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Roof Restoration Tips

14 March 2019
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At one point, every house comes into a state when the owner has to decide whether to replace the roof altogether or try restoring it. The best answer to this question depends on how much damage has your roof sustained over the years, as well as on the opinion of a professional roofer. In most cases, you can identify the cause of the problem and repair and restore only the critical area of the roof.

 

Safety first

While the best time to repair a failing roof is the moment you identify the problem, in some cases waiting for a month or two is justified. Roof repair and restoration experts recommend working on the roof only in pleasant weather. Conducting any roof works when it's raining or windy poses a risk of falling. On the other hand, extreme temperatures may cause damage to shingles, preventing them from sealing properly. In some cases, working on the roof is no less dangerous than working around power lines. Make sure the area around the house is zoned off against pets and children. While working on the roof, take advantage of available safety gear such as harnesses and ropes anchored into the roof structure framing.

Identify the leaks

If you identify the problem by stormwater leaks, decide whether it's easier to make permanent repairs or you need a new roof. If the roof as a whole is sound with only one or two weak spots as a result of a falling branch or a severe storm, you may need to make permanent repairs only. On the other hand, if the roof is showing signs of general wear, any repairs you make will solve the problem only for the time being, as there are chances other leaks will appear soon. In that case, re-roofing is a better strategy. Even if you can start with re-roofing now, you still need several weeks to plan and prepare, during which you need to cover leaky spots with plywood or plastic sheets.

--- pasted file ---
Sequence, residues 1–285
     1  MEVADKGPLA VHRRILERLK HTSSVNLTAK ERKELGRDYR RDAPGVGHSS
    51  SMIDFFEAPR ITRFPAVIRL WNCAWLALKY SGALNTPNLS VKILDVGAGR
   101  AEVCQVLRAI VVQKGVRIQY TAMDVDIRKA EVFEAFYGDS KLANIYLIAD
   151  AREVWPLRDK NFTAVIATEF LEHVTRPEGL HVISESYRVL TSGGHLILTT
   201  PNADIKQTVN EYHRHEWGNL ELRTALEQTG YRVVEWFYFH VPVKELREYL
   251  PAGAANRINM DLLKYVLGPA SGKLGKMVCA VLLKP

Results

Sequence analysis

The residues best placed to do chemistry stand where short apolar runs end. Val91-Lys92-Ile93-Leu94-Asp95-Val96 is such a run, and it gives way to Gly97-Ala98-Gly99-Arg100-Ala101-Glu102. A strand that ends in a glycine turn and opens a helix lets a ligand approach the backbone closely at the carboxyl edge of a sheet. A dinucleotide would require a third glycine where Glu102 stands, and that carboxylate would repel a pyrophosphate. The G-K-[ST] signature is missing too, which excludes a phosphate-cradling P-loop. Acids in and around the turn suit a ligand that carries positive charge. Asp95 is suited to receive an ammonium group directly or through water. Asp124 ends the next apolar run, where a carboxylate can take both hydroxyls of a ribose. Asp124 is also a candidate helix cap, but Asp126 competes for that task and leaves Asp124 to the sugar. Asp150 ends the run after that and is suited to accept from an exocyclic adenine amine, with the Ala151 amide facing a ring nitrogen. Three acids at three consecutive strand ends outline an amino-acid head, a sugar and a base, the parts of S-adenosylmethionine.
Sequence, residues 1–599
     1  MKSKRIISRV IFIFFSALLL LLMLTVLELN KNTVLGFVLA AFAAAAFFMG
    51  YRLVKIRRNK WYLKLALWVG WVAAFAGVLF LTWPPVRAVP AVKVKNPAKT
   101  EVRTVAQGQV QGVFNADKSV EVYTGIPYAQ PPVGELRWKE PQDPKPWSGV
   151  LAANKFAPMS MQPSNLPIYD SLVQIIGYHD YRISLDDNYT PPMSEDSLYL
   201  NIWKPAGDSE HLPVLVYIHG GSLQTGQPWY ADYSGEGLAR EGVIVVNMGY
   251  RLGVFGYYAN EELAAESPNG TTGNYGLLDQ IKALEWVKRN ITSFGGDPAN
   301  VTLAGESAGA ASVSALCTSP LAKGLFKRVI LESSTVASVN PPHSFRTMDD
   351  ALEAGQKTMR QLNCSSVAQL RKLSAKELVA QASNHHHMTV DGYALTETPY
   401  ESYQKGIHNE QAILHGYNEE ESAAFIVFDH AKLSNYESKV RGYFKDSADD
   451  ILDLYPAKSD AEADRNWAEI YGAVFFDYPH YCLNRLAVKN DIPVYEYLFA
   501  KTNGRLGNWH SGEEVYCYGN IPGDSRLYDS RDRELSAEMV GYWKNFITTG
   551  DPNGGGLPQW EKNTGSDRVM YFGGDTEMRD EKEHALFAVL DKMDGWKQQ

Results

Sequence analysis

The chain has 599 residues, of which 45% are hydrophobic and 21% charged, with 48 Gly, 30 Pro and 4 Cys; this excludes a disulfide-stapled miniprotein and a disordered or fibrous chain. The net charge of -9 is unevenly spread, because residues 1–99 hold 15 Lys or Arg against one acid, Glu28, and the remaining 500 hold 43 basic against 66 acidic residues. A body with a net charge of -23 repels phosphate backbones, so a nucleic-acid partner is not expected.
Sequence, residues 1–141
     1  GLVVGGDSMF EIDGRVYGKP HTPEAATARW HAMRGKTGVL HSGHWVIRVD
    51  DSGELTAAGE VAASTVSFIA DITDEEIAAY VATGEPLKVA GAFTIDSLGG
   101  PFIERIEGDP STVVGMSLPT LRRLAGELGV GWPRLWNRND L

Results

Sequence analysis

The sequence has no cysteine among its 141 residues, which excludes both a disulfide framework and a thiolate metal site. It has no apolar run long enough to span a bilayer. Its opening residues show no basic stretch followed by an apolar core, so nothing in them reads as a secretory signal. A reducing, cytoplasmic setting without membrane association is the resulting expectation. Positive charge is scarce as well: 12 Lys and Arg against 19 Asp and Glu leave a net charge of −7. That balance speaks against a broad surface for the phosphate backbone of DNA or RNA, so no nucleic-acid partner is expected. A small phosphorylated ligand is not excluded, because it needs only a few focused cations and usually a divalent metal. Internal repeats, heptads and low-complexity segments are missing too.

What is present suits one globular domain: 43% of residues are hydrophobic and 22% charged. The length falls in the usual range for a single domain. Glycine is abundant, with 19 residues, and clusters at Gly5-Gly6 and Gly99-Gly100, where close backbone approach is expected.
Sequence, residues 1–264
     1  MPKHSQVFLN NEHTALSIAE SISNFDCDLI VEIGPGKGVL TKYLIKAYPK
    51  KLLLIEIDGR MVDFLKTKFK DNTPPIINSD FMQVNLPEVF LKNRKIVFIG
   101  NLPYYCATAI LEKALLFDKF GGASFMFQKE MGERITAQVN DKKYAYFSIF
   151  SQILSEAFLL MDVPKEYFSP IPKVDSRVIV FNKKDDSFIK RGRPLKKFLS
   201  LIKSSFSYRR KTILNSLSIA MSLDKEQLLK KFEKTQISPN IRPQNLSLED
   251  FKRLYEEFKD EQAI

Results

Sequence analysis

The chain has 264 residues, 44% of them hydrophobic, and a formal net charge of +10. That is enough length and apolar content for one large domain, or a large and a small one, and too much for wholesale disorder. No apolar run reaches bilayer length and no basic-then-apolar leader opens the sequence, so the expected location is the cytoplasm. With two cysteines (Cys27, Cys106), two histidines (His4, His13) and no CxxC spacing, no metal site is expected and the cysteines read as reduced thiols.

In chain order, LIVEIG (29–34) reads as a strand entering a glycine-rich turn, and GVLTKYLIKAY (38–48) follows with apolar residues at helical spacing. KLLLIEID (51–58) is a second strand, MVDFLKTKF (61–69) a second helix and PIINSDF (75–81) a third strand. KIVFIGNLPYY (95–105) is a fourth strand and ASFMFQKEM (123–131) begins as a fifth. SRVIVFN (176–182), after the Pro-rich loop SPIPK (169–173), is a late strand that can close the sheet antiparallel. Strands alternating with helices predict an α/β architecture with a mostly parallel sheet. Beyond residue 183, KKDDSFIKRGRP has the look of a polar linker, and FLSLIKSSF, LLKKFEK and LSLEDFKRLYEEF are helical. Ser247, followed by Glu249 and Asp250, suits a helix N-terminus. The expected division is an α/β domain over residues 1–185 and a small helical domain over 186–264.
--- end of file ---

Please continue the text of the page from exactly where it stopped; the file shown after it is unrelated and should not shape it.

Replace shingles and shakes

If during your regular roof inspection, you discover a few loose shingles or shakes that need replacing, you should know that a repair-savvy homeowner will easily get the job done without professional help. In case you have a stack of replacement shingles stashed somewhere from your original roof installation, you don't even have to waste time shopping for the right product. Remove the damaged pieces, install new underlayment, and lay over new shingles or shakes. On the other hand, if your ridge capping is damaged as a result of a storm, you need to call professionals who specialize in roof restoration to rebid and repoint your ridge caps. While at it, they will check your entire roof for loose shingles that your inspection might have missed.  

 

Fix the roof vents

Whichever roof repair or restoration option you choose; you need to check if there are any broken vents. Roof vents help stabilize the temperature between the attic and the roof. With no vents, your roof might be more prone to ice and snow build-up in the winter, as no warm air from the attic is able to reach it. While caulking might solve the problem temporarily, in the long run, you need to replace the damaged vents with new ones. After the job is done, the roofers should check if there are any nail missing or placed in a semi-pulled position. The nails under the shingles can be removed from both sides of the vent, or replaced with rubber-washed screws.

Clear out the gutters

Clogged gutters are one of the most common reasons behind roof leaks. Obstructed gutters tend to accumulate a lot of stormwater during the rainy season, which can cause rotting in the roof understructure. While rotting doesn't result in immediate damage, it blocks natural roof ventilation. In some cases, the cause of a roof sagging in the middle is the deteriorated plywood underneath.

A damaged roof can cause further damage to your house. Leaking water can destroy your drywall or plaster features, cause extensive mould infestation, and even rot the framing structure. While taking action immediately is the best possible solution, make sure you invest in safety when working on the roof, and don’t hesitate to call roof repairmen if the problem is too big for you to handle.

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Derek Lotts writes about décor, gardening, recycling and everything related to home improvement. He thinks all these fall under self-improvement. He believes in the power of sharing ideas and communicating via the internet to achieve betterment. He blogs regularly at Smoothdecorator.

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